The Legend of Zelda: Link’s Awakening (1993)
You should have seen me last night, readers – I was unstoppable. I started my whimsical journey by taking flight, just bloody well jumping into the air and propelling myself forward. With the freedom of the entire world and its majesty before me waiting to be explored, I decided to start seeking out all my old enemies and slapping them in the face instead. I flew to each of my nemeses at breakneck speed and issued them loud, satisfying slaps before gleefully whisking myself away for my next target.
When I got bored with that, I landed and walked through a door where I knew there would be a harem waiting exclusively for me – and there was, a wonderful steam room with sultry raven-haired maidens and their heaving bosoms sat before me, soapy sponges in hand, longing for me to join them. Bloody great, I thought. So I confidently strode towards them, completely assured of my fate… before I moved my body just the wrong way and suddenly found myself in a contorted position in bed. My flight ability, my lovely harem – all gone. And then that quick realisation that it was all just a dream, and that nothing of the sort had happened to me, nor would it ever. Nuts!
They say you can have around 3-6 dreams per night, but most of the time you barely even remember any. What good is that? I am seemingly having the time of my life here, brain, and you won’t even let me properly take part. So I read up about this lucid dreaming lark. Make yourself fully aware that you’re dreaming, and bolster your harems accordingly. I might even be able to take control of this recurring dream I have, where I’m in a black-and-white boxing ring Raging Bull style, and I get battered without even raising my hands in defence. Maybe this time I could finally fight the bugger back. Why not?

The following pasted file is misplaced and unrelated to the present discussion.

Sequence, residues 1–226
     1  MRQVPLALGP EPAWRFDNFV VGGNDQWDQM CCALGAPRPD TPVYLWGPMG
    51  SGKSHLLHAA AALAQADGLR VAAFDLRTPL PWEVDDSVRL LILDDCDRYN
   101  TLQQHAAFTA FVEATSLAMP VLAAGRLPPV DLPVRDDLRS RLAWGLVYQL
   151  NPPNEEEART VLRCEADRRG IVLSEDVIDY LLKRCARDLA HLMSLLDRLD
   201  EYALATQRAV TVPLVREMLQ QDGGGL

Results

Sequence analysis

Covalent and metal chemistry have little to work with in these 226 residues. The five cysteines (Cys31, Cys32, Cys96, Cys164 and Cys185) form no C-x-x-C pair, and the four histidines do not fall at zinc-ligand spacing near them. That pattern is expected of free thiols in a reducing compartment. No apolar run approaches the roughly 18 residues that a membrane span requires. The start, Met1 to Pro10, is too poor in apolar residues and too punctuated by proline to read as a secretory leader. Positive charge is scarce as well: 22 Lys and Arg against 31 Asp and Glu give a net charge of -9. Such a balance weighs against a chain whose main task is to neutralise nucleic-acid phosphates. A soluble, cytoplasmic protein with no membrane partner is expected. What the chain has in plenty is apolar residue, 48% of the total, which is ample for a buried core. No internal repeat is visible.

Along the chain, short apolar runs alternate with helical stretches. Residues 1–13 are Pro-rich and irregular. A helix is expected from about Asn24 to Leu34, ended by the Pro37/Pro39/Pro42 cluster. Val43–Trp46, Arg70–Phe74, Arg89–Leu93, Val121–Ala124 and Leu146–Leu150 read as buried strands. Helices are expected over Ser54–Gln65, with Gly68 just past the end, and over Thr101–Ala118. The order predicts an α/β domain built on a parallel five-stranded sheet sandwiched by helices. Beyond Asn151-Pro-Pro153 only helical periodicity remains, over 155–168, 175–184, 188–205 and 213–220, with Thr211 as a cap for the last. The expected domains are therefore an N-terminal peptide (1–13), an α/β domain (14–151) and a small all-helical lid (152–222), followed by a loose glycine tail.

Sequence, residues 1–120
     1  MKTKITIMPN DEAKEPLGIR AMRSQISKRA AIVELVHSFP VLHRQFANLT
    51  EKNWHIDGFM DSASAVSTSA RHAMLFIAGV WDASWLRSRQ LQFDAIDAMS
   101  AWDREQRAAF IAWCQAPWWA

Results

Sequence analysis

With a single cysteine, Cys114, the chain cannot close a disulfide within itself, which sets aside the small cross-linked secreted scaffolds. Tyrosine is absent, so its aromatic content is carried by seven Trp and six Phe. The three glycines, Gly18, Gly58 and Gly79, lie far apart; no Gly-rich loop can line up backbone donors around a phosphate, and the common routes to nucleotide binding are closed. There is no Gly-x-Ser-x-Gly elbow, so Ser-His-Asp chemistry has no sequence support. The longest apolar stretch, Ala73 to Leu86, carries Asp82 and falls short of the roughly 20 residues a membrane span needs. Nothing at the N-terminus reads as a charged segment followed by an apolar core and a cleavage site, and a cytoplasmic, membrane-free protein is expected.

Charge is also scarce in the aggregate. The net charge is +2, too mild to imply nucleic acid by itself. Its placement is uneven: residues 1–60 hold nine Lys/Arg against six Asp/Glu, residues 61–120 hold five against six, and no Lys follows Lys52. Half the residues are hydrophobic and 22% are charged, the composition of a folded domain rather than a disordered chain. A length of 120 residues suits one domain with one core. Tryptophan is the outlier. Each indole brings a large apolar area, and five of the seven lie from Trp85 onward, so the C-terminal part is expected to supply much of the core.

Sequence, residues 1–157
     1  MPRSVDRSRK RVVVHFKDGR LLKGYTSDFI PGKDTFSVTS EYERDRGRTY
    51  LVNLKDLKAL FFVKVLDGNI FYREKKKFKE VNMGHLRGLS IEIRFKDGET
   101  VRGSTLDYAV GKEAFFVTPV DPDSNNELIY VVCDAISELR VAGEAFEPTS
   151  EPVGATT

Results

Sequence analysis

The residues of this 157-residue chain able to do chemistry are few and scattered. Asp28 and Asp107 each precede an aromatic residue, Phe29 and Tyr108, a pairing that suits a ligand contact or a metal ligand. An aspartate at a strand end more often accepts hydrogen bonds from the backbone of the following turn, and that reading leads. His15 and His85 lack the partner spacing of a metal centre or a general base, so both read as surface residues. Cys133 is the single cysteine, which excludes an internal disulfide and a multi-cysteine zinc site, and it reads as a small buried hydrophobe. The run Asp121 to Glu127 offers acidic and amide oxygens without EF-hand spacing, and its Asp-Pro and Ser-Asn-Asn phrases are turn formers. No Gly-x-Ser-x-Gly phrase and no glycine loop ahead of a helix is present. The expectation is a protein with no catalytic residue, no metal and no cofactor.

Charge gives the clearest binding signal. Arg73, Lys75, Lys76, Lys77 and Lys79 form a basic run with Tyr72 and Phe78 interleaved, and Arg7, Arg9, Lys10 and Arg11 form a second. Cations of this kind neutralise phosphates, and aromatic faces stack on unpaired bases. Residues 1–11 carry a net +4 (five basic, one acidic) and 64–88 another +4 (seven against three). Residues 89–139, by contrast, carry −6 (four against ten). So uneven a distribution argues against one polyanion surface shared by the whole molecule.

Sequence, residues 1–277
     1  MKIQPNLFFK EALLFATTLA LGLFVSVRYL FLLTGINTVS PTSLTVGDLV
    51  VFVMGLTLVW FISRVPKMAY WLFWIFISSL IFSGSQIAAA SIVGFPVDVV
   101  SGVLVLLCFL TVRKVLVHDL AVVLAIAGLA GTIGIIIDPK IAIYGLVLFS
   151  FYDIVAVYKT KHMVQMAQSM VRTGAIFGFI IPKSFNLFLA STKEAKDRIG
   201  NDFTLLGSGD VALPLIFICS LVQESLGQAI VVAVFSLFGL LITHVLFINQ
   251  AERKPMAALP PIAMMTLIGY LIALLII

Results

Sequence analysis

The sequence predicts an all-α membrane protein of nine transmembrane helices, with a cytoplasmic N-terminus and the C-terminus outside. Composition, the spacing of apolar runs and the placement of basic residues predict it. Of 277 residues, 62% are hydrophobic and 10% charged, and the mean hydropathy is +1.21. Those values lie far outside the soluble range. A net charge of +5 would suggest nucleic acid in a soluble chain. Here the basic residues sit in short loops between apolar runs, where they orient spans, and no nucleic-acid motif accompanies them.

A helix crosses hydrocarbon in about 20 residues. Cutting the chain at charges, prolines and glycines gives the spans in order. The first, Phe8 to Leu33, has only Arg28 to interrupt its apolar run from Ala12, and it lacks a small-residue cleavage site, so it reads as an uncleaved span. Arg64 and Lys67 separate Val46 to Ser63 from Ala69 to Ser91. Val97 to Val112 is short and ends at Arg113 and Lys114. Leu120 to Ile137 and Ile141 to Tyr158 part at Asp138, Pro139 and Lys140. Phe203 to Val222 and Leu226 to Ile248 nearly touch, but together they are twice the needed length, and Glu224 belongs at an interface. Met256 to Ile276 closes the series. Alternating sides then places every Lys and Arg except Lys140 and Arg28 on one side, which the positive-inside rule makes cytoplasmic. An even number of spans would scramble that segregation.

I consumed all the lucid dreaming literature I could, and was told I ought to start a dream journal. Write down all of the strange details I remember from my dreams, and that will help dream recollection as a whole, and then I can start acting out my childish fantasies in the dreamworld from there.
I did this for a while, but when you’re scrambling to jot down the details of deathly sword fights with forgotten childhood chums and houses collapsing around you as onlooking Harry Potter characters scream in terror, you start to wonder if it really does help and if you’re not unwittingly exiling yourself to madness.
In any case, for the sake of my sanity I pretty much abandoned this practice when I started getting unsettling dreams, if not full blown nightmares, of me putting my fragile little car into four-wheel skids. These ghastly visions featured exaggerated Hollywood skid noises and everything, and probably ended with me rolling and killing myself and about twelve others.
The real nail in the lucid dreaming coffin for me was the proviso that there would almost certainly be a few cases of sleep paralysis early on, a pretty nasty phenomenon where you are temporarily struck down with some sort of Locked-In Syndrome before some sort of foul creature creeps into your room and begins to take advantage, including quite literally sitting on your face while you sweat with fear. It almost sounds like a laugh, especially if you’re lucky enough to have some chesty succubus infiltrate your room instead, but anyone who’s had this terrible affliction will know never to trust their underpants again.